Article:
School of Meteorology, University of Oklahoma

Category: Uncategorized (Page 1 of 3)

UPDATE: New MS/PhD student opportunities!

The Convective Storm Dynamics group is recruiting to fill multiple new GRA positions to begin in Fall 2024 either at M.S. or Ph.D. levels.

One GRA position focused on studying the nature and governing mechanisms of deep convective organization in the context of the Atlantic ITCZ. This position entails spending ~one month in the tropical Atlantic during the Aug-Sept 2024 PICCOLO (Process Investigation of Clouds and Convective Organization over the atLantic Ocean) field campaign.

One GRA position focused on examining tropical convective-scale dynamics. Supported by the National Science Foundation.

Two GRA positions (tied to multiple School of Meteorology research groups) to study the interaction between the tropics/poles and midlatitudes to advance our understanding of blocking events. Supported by the Department of Energy.

New publication from the CSD group! 👀

Curious about the influence of midlevel shear on supercell behavior? Look no further than this paper now out in JAS early online release, led by Andrew Muehr, junior undergraduate of our group:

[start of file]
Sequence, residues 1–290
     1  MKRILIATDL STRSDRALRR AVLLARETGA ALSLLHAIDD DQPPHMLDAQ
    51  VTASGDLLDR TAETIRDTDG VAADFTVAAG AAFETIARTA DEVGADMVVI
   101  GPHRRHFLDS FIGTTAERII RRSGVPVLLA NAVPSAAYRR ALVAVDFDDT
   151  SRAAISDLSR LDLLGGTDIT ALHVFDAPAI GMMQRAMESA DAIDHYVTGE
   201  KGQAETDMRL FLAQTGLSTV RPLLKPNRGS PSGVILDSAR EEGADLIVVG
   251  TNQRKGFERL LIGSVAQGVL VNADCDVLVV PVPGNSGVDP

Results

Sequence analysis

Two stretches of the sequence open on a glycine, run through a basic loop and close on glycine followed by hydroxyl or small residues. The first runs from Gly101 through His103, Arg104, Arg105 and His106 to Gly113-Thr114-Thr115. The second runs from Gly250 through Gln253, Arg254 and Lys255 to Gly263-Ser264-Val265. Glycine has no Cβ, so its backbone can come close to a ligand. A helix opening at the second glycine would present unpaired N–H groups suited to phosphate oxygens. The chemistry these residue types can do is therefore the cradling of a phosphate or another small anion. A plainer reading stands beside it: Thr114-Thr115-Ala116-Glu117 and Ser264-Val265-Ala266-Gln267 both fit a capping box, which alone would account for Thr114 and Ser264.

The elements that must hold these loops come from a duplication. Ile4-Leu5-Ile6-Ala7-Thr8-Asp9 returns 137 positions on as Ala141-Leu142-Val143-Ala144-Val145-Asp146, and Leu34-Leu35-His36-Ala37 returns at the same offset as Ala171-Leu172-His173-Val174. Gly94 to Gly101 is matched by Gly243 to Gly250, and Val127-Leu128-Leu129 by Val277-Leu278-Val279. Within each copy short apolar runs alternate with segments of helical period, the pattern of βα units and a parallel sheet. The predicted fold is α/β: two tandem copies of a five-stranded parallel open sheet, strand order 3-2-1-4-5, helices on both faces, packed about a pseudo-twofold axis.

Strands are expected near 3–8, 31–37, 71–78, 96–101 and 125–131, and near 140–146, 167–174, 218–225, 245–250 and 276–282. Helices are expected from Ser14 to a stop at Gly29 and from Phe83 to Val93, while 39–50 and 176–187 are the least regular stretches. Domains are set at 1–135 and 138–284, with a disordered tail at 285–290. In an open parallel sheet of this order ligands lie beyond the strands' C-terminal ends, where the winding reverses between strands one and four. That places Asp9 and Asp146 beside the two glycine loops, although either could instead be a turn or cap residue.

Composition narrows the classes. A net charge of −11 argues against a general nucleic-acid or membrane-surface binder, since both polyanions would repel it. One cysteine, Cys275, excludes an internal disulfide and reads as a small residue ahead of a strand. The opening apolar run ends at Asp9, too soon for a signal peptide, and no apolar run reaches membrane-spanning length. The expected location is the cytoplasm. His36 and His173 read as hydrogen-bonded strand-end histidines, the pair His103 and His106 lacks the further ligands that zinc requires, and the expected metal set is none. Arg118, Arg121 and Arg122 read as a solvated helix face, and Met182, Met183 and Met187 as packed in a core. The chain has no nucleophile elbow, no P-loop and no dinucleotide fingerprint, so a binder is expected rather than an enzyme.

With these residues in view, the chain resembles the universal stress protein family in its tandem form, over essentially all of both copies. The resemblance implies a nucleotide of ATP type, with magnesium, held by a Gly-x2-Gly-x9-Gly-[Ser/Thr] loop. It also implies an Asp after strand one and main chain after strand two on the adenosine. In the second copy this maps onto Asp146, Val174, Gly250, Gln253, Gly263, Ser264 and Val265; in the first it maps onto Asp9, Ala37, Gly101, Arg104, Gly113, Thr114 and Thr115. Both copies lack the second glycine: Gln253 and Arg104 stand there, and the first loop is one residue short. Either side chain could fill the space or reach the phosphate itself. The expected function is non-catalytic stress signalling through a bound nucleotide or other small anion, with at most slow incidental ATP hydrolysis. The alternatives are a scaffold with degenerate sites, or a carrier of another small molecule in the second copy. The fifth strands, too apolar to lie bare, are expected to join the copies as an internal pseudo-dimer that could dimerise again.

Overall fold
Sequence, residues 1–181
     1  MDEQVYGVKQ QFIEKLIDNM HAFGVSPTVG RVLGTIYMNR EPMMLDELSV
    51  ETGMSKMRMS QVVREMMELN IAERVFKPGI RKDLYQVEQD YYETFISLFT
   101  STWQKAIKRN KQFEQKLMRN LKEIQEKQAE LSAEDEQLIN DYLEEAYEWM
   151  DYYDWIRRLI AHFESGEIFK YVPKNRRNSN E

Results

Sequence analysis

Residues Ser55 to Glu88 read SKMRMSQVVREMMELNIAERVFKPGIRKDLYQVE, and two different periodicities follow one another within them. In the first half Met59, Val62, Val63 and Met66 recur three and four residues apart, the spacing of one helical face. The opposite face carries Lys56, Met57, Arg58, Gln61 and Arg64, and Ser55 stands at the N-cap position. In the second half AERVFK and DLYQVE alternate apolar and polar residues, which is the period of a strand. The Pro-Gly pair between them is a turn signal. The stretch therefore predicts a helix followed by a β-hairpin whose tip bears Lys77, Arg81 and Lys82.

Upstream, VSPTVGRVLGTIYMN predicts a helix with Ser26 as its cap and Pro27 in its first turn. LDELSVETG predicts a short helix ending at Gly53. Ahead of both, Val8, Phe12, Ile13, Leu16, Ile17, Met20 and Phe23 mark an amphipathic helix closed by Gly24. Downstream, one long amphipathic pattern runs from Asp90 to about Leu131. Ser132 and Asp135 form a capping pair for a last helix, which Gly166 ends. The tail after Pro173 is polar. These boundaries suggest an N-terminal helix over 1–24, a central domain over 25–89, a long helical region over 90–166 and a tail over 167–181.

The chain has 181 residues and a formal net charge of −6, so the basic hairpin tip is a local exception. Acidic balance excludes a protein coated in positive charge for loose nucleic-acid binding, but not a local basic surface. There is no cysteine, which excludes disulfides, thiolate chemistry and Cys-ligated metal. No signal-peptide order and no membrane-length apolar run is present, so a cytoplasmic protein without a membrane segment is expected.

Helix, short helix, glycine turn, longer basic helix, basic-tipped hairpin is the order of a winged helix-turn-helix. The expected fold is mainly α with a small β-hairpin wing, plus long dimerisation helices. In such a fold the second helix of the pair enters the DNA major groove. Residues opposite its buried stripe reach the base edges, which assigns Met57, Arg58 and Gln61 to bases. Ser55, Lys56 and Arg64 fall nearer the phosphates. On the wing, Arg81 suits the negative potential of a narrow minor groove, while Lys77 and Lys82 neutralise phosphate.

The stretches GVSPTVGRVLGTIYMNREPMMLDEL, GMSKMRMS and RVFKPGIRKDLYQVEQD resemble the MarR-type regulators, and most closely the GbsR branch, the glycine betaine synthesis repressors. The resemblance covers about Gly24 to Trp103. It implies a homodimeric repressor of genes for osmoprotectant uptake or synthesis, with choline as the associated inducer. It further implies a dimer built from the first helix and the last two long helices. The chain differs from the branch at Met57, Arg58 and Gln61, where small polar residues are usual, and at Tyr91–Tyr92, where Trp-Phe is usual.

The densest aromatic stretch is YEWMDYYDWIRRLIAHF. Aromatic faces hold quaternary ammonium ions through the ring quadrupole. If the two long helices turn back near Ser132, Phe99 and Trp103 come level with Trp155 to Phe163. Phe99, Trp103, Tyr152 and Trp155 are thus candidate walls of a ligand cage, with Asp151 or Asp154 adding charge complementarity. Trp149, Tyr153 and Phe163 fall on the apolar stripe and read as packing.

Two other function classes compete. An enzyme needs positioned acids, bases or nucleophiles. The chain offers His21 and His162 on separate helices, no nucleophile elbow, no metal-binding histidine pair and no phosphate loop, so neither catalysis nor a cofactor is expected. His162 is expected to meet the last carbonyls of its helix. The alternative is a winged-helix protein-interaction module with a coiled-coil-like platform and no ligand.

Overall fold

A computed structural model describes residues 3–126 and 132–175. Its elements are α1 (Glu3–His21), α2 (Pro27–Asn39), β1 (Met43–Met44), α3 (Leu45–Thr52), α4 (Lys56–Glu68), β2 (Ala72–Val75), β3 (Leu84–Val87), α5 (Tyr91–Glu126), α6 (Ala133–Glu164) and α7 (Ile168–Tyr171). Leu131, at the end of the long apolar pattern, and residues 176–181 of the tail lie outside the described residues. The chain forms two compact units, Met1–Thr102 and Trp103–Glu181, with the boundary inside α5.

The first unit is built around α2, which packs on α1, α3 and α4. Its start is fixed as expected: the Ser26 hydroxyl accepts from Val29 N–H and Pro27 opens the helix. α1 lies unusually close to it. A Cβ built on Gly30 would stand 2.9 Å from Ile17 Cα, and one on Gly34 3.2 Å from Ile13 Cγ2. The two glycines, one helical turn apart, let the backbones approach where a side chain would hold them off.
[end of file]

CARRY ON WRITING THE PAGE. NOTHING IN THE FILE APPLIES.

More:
Muehr, A. J., J. H. Ruppert, Jr., M. D. Flournoy, J. M. Peters, 2023: The Influence of Midlevel Shear and Horizontal Rotors on Supercell Updraft Dynamics. J. Atmos. Sci., DOI: 10.1175/JAS-D-23-0082.1

Major congratulations to Andrew on his first pub!

Fun in the sun with Coriolis

How does Coriolis deflection work? Shouldn’t projectile motion follow a straight path? If not, then how, when, and why not? Today we grappled with these questions in James’s Atmospheric Dynamics 1 (METR 3113) class by taking advantage of the phenomenal weather on a late-summer day in Norman. The idea: one volunteer moves across the human circle following a straight path (to their perception) while the surrounding people walk out the path of the circle.

The mind-bending insight: to the rotating viewers (akin to people residing on Earth, in the rotating reference frame), the path is curved, while someone standing still in or outside the circle simply sees a straight path. 🤯 🤯

Major shoutouts to 1) Jon Aurnou and the DIYnamics crew for inspiration for this activity at the Earth Educators’ Rendezvous 2023, and 2) OU student Parker Davis for volunteering to take these photos!

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